US busi­ness hir­ing rises in May to 201,000: sur­vey

The China Post - - WORLD BUSINESS - BY CHRISTO­PHER S. RU­GABER

U. S. com­pa­nies stepped up hir­ing in May, a pri­vate sur­vey found, ev­i­dence that em­ploy­ers re­main con­fi­dent in the econ­omy even af­ter it con­tracted at the start of the year.

Pay­roll pro­ces­sor ADP said Wed­nes­day that busi­nesses added 201,000 jobs last month, up from just 165,000 in the pre­vi­ous month. April’s in­crease was the small­est in a year and a half.

The fig­ures sug­gest that

the econ­omy is re­cov­er­ing af­ter it shrank at a 0.7 per­cent an­nual rate in the first quar­ter. On Fri­day, the gov­ern­ment will is­sue its of­fi­cial jobs re­port for May. Econ­o­mists fore­cast it will show that em­ploy­ers added 227,000 jobs, and the un­em­ploy­ment rate re­mained 5.4 per­cent.

“The rel­a­tive strength in to­day’s re­port is an en­cour­ag­ing sign that the la­bor mar­ket, and the econ­omy, is reac­cel­er­at­ing,” Dan Green­haus, chief strate­gist at bro­ker­age BTIG LLC, said in a note to clients.

The ADP sur­vey cov­ers only pri­vate busi­nesses, how­ever, and fre­quently di­verges from the of­fi­cial fig­ures.

Em­ploy­ers added jobs last year at the strong­est pace in 15 years, putting 3.1 mil­lion peo­ple to work, or an av­er­age of 260,000 jobs a month. Yet hir­ing has slowed a bit in 2015, with job gains av­er­ag­ing 194,000 a month through April.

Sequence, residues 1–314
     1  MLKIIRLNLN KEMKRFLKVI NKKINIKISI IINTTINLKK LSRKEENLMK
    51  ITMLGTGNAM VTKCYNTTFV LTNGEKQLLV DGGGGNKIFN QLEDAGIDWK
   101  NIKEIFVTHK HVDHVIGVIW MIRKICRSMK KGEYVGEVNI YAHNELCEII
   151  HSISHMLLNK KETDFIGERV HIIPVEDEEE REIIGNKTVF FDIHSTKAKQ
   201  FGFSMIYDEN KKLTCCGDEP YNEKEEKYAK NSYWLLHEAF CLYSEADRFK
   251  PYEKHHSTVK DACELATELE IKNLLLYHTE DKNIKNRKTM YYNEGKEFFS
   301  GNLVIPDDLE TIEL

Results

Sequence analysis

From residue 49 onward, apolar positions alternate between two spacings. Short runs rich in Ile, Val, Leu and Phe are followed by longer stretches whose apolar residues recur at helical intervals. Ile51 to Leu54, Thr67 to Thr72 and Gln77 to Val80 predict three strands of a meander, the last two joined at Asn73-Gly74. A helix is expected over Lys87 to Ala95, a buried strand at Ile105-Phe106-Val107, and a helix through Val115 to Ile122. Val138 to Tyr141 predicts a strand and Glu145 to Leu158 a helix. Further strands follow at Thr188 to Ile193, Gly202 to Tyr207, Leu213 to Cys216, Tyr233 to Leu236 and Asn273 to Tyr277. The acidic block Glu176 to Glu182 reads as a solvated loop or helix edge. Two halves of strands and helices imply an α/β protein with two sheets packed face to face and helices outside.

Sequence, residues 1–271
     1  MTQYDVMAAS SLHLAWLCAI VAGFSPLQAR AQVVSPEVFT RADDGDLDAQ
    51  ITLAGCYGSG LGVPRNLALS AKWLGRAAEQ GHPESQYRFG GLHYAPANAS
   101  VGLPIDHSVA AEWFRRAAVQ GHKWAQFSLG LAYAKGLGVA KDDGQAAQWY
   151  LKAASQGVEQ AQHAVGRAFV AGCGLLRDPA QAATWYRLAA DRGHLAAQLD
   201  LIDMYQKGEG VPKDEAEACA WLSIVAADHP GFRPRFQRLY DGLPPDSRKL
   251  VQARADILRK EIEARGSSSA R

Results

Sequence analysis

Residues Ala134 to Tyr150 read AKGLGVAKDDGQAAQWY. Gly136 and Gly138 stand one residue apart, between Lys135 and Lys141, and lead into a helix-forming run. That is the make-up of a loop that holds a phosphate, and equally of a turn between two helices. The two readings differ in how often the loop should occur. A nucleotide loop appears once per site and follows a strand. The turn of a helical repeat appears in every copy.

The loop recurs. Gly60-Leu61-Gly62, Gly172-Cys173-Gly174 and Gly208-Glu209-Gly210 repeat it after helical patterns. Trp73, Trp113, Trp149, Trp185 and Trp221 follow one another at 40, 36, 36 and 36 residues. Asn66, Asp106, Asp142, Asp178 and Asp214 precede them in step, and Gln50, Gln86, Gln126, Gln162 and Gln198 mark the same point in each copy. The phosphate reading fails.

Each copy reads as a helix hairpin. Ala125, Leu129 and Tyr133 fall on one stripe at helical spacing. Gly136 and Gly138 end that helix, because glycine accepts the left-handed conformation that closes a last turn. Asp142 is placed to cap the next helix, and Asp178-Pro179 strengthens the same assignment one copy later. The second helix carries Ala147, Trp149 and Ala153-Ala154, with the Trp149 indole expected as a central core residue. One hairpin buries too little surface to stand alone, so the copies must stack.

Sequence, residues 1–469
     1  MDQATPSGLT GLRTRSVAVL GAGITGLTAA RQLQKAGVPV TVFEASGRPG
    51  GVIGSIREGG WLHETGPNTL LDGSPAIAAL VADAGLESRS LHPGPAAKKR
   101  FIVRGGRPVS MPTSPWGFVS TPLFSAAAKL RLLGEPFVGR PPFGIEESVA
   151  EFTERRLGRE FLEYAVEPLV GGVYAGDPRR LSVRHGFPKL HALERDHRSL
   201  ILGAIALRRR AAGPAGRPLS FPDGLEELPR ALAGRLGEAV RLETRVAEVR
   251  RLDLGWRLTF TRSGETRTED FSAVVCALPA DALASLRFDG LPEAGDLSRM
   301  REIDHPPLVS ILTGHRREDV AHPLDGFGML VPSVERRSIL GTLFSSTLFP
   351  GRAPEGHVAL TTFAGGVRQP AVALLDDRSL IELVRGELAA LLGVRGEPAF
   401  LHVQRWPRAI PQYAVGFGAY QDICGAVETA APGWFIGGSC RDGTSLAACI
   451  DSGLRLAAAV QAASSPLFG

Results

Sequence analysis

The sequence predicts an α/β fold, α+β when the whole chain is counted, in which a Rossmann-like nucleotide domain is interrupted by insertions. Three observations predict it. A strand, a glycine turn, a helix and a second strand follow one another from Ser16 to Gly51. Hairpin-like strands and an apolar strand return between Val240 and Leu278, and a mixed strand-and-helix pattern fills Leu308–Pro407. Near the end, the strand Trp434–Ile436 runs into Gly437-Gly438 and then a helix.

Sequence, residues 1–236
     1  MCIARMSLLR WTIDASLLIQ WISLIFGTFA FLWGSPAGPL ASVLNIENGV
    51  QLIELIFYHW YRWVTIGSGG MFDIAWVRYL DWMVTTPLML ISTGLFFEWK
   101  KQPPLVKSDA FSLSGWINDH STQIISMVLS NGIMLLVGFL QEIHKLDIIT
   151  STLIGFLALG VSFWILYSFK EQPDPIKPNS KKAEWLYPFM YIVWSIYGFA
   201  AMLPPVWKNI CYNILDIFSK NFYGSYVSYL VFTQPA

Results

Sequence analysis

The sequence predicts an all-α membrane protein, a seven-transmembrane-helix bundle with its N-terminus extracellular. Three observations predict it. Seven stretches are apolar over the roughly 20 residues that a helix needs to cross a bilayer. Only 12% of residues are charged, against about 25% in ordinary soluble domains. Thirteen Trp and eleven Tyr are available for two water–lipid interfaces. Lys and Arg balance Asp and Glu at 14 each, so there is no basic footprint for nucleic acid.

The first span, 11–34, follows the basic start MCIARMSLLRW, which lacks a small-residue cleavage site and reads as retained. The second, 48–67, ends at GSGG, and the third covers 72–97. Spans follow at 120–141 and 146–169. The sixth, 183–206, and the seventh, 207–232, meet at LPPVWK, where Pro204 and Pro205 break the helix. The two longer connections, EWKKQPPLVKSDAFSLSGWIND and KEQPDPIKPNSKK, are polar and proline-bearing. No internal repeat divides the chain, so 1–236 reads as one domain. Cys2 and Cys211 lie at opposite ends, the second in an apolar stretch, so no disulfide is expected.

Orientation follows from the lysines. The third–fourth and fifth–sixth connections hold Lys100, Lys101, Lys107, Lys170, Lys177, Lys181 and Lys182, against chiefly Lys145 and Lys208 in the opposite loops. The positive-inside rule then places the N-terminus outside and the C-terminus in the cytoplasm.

Much of that slow­down oc­curred in March, when only 85,000 net jobs were cre­ated. Hir­ing re­bounded to 223,000 in April.

The Fed­eral Re­serve is closely watch­ing the health of the job mar­ket as it con­sid­ers when to begin rais­ing the short-term in­ter­est rate it con­trols from nearly zero.

Con­struc­tion com­pa­nies added 27,000 jobs, ADP said, the most in four months. That’s a sign that de­vel­op­ers are ramp­ing up home­build­ing, an im­por­tant driver for the econ­omy.

Man­u­fac­tur­ers cut 5,000 jobs, the third straight decline. The drop in fac­tory jobs likely re­flects the im­pact of the stronger dollar, which makes U.S. goods more ex­pen­sive over­seas and cuts into ex­port sales.

Ser­vices were the main driver of job growth, adding 192,000 jobs. Those gains were led by ship­ping, re­tail, and pro­fes­sional and busi­ness ser­vices, which in­cludes higher-pay­ing in­dus­tries such as ac­count­ing and en­gi­neer­ing.

Other re­cent re­ports have painted a mixed pic­ture of the econ­omy. Con­sumers re­main cau- tious and are re­luc­tant to spend their sav­ings from lower gas prices, which are about US$1 a gal­lon cheaper than a year ago. On Mon­day, the gov­ern­ment said con­sumer spend­ing was un­changed in April. In­stead, the sav­ing rate rose to 5.6 per­cent from 5.2 per­cent.

Yet Amer­i­cans were will­ing to spend more on cars last month. Auto sales rose 2 per­cent in May to 1.64 mil­lion cars and trucks, ac­cord­ing to Au­to­data Corp. That was the fastest sales pace since July 2005.

And a sur­vey of man­u­fac­tur­ing firms showed that fac­tory ac­tiv­ity grew at a faster pace in May than the pre­vi­ous month, driven higher by more new or­ders and greater hir­ing.

Over­all, an­a­lysts ex­pect the econ­omy will ex­pand at about a 2 per­cent an­nual pace in the sec­ond quar­ter. That would leave growth in the first half of the year barely above 0.5 per­cent, down from a 3.6 per­cent pace in the sec­ond half of last year.

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